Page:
NEW ORLEANS – A company hopes the U.S. District Court for the Eastern District of Louisiana reverses a trademark for an oilfield services firm that alleges they created a proprietary tubing system, based on a lawsuit filed June 4.
Plaintiff Benton Energy Service Company, dba Besco Tubular took legal action against Cajun Services Unlimited LLC dba Spoked Manufacturing, after the defendant allegedly stole and trademarked a pipe handling system.
Besco said it exclusively created and developed a system called Besco’s Bail Assisted Tubular Thread (BATT System). In addition to the BATT system, Besco used a hydraulic single joint elevator (HSJE), manufactured by Tesco Corporation. To build a more efficient elevator with roller die inserts, Besco started conversations with third-party companies like Cajun that could help create computer drawings and manufacture the unique equipment. After a number of discussions, Besco asked Cajun its fee, and Cajun in return said “it owned the HSJE roller die inserts and [refused] to sell them to Besco,” the complaint alleged.
The lawsuit also stated Besco’s chief operating officer believed Cajun would fabricate the inserts and sell them to Besco as the two companies have worked together in the past. The plaintiff pointed out Besco employee Jamie Lovell came up with the idea of the replaceable die inserts and Cajun didn’t have a right to claim ownership.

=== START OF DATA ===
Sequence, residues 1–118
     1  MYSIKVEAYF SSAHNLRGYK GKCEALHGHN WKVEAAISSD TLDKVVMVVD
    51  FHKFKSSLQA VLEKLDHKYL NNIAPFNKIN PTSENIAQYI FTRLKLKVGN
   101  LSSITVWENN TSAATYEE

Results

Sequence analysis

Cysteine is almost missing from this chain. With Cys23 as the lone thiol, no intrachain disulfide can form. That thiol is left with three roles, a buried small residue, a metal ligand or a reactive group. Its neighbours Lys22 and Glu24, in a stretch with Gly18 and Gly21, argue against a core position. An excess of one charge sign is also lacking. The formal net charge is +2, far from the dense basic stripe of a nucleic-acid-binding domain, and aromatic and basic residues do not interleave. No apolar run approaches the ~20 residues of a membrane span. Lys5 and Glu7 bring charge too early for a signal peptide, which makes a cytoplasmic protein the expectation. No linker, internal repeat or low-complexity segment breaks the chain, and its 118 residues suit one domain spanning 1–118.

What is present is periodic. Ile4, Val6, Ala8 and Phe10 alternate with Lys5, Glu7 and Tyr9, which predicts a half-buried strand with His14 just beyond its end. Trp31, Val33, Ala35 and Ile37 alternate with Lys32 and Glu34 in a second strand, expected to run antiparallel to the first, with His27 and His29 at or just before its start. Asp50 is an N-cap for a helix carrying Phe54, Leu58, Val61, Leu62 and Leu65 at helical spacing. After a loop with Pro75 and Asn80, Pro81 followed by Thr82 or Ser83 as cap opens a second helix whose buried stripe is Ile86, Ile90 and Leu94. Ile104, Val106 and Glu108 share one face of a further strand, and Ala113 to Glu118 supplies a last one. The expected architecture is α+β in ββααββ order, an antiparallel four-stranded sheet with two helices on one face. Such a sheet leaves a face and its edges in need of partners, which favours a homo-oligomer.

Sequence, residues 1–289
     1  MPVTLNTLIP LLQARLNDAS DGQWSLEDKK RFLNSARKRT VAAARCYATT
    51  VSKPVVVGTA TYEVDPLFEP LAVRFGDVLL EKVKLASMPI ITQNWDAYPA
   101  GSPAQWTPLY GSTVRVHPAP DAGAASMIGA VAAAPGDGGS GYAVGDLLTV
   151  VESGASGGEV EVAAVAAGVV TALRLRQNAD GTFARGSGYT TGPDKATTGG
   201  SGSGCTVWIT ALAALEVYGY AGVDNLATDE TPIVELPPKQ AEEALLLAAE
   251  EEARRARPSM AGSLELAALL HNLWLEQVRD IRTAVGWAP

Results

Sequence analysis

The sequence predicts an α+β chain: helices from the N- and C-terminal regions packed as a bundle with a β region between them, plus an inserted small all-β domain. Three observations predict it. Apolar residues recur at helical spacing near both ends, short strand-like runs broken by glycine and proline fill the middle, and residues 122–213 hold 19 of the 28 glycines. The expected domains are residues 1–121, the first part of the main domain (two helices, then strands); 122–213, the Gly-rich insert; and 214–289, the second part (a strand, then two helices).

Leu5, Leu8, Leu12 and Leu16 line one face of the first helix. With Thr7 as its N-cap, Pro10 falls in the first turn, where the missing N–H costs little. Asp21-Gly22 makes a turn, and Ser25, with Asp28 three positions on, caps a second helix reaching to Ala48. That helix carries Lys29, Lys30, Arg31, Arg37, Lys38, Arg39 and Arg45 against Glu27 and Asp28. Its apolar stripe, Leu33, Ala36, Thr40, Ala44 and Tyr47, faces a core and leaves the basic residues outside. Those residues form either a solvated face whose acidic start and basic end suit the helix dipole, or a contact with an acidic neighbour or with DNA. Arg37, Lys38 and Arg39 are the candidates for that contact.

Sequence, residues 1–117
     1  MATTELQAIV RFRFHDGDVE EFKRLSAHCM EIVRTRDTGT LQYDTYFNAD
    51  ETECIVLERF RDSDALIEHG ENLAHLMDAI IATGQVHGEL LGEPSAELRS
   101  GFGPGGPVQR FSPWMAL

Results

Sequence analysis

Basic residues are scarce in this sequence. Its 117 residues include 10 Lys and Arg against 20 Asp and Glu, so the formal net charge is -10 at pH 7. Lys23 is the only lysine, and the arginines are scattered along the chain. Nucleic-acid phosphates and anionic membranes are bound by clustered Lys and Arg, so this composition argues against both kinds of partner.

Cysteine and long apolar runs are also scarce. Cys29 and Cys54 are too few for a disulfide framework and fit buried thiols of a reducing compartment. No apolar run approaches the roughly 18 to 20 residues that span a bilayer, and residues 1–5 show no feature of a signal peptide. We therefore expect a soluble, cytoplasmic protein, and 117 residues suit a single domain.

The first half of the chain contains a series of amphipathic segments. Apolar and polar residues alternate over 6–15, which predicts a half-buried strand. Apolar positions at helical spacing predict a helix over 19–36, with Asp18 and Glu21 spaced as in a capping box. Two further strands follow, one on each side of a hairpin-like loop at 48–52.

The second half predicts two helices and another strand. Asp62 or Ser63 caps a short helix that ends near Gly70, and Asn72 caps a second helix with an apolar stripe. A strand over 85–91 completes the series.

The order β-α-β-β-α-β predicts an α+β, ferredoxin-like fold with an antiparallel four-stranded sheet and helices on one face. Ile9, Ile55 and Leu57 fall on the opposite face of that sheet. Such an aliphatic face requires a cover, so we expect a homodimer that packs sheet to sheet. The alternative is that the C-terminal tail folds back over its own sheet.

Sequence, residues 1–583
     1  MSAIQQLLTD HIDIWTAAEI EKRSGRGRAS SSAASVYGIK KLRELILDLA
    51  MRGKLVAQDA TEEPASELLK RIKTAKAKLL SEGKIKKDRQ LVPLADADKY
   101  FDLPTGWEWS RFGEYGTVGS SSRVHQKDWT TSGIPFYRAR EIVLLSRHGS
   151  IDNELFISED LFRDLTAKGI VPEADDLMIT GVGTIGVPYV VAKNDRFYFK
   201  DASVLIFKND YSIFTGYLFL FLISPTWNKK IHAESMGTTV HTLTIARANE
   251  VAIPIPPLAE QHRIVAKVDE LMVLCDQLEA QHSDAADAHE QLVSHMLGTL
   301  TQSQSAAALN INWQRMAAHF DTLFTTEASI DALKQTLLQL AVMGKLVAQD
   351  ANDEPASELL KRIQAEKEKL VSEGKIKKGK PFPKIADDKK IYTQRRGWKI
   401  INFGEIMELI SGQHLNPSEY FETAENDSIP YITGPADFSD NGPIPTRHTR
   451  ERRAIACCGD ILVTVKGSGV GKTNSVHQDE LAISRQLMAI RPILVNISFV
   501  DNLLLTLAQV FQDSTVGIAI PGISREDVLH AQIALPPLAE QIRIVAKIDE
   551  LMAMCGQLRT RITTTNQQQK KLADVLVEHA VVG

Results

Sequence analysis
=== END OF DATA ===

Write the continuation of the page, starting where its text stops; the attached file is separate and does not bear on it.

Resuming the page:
Still, Besco ultimately rented the roller dies from Cajun without a written agreement. The court's assistance was sought after Cajun allegedly made certain demands that Beso claims in never agreed to follow. Besco reached out to a different company to create the roller dies.
Meanwhile, Cajun filed an application to trademark the items in question and subsequently warned Besco it would file a lawsuit for patent infringement.
Besco in turn filed the current lawsuit seeking a declaration that Cajun’s patent for the Elevator Roller Insert System is not valid or enforceable. Besco stated it sued Cajun amid the threat Cajun would file a lawsuit first, a strategy the plaintiff said could ultimately hurt its business and its customers.